We cousins recline in Adirondack chairs under the screened porch by the pool as a weakening sun melts behind the trees. We chat and laugh while our four kids splash happily in the water nearby. Mari, age three, has quit with the pool and I have permitted her to take off her water wings. She is playing with the plastic toy kitchen a few feet from the pool, filling and dumping the pots and pans, stirring up a magical witches’ brew.
I am keeping an eye on Mari even though I know she is an extremely cautious child, she can swim fairly well, and there are five other adults with eyes more or less on the pool. One Adirondack chair only partially blocks my view of her.
We adults are having one of those animated conversations where everyone talks over everyone else and we all burst into laughter at the same time and slap our knees. I am into the conversation. For several minutes, my attention wavers and I am not looking.
My cousin suddenly halts the conversation by flying up out of his chair. He is at the pool’s edge in a flash. I jump up too knowing it has to be Mari; the other kids, they’re all excellent swimmers.
Blood pounds like a freight train in my ears. My hands cover my mouth while silent wordless prayers go up to God, begging for mercy for my stupid, reckless lapse in attention.
How soon had my cousin noticed that Mari no longer stood there pouring water and chattering in her adorable little chipmunk voice? What had he seen that made him jump? A splash? Or…the roundness of a tiny back floating at the surface?
Shame on me for not putting her water wings back on. Shame on me for not sitting in a spot that had an unobstructed view of her. I was too busy talking…and now I am going to be one of those mothers. We’ll be one of those families—the ones with the unfillable gaping hole. We lost my step-brother seven years ago, so I am familiar with that ugly hole and how it always hovers on the periphery. We feel my little brother’s loss constantly. He was part of our family and we can never be complete without him.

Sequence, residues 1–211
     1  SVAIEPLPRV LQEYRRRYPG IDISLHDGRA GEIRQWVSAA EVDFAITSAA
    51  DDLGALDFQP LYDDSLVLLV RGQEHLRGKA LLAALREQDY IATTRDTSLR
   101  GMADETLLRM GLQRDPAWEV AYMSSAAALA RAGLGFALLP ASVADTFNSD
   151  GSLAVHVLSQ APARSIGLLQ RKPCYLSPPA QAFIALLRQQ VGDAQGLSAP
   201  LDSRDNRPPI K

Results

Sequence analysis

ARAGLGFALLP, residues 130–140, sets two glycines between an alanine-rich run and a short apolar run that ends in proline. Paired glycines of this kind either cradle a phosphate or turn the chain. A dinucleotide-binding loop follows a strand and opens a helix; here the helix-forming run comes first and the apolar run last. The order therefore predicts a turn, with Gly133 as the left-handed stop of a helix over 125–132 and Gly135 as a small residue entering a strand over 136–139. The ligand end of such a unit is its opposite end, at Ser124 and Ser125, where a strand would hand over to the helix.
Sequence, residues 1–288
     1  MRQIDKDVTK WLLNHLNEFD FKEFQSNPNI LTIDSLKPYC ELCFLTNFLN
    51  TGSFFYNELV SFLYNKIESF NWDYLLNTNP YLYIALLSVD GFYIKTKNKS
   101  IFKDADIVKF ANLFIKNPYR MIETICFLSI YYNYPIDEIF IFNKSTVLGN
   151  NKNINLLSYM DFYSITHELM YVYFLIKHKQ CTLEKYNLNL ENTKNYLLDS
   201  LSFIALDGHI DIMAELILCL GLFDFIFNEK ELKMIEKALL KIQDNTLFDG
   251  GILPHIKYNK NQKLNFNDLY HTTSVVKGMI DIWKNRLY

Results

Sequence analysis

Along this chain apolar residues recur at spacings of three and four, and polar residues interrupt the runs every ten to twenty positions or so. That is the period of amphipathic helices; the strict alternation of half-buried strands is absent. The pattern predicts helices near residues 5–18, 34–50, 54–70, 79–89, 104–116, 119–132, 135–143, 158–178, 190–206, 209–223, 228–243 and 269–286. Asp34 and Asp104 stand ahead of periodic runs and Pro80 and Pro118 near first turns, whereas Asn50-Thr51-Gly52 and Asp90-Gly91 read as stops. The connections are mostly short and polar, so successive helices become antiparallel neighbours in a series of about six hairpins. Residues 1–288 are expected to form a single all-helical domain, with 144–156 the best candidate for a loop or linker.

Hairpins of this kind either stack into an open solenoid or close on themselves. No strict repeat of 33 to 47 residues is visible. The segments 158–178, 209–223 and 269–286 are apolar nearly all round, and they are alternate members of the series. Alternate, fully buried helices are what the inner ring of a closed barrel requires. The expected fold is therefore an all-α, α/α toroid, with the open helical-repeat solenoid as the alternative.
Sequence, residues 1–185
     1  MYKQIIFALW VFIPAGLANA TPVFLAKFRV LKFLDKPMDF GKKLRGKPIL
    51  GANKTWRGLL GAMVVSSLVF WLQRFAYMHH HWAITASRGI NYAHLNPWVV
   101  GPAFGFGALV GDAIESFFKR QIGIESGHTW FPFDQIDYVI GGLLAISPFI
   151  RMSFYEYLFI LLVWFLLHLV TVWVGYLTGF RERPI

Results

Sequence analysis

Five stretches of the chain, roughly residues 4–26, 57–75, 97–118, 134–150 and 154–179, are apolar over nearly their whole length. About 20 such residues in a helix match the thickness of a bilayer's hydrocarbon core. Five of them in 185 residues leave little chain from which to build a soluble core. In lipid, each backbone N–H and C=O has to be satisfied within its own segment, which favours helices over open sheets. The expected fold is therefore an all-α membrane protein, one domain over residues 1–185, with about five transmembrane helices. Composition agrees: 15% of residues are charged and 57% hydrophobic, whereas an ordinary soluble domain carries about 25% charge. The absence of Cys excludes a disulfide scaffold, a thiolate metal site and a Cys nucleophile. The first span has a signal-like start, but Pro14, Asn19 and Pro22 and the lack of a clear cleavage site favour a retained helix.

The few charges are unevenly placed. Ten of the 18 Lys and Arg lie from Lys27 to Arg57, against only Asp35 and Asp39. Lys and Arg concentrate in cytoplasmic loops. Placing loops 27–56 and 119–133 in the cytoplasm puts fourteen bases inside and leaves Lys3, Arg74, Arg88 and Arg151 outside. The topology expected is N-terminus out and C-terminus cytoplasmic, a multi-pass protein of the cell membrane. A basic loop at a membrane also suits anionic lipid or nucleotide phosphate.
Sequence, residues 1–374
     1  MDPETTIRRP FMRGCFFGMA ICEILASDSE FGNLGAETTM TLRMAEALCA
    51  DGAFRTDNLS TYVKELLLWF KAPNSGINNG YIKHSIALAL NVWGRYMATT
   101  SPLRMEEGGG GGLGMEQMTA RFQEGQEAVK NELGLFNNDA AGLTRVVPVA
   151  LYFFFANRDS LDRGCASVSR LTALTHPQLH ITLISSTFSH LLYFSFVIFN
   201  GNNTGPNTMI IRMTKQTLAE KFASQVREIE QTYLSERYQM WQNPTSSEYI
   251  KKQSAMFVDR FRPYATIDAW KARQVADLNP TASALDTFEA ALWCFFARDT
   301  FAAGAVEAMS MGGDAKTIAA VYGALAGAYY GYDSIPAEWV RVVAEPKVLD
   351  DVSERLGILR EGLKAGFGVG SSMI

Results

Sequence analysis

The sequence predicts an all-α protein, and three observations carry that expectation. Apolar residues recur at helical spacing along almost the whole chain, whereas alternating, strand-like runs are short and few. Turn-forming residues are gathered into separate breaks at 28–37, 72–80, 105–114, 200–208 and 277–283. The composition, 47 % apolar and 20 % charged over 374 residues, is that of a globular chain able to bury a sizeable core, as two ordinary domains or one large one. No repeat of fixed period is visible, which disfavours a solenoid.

In the fraction of a second before I see Mari’s chubby little fingers gripping the edge of the pool, I am that mom, we have become that family, and the vast black hole of Mari’s absence has already sucked away our futures. In just one quick second, our futures destroyed.
But there are her fingers. She is scared and whimpering, but grabbed onto the edge of the pool, just as we have practiced hundreds of times. Through choking sobs of relief, I hug her and lavish praise on her for doing such a good job “saving herself.”
Today could have ended much, much differently. I made a huge mistake letting Mari play near the pool without her water wings. I know many drownings happen in moments such as this—when all the adults are busy talking, all the kids are occupied in their gamesand everyone assumes someone else is watching. I should have had my eyes on her or my husband should have been assigned with the task.
I know these things. I guess I needed a reminder.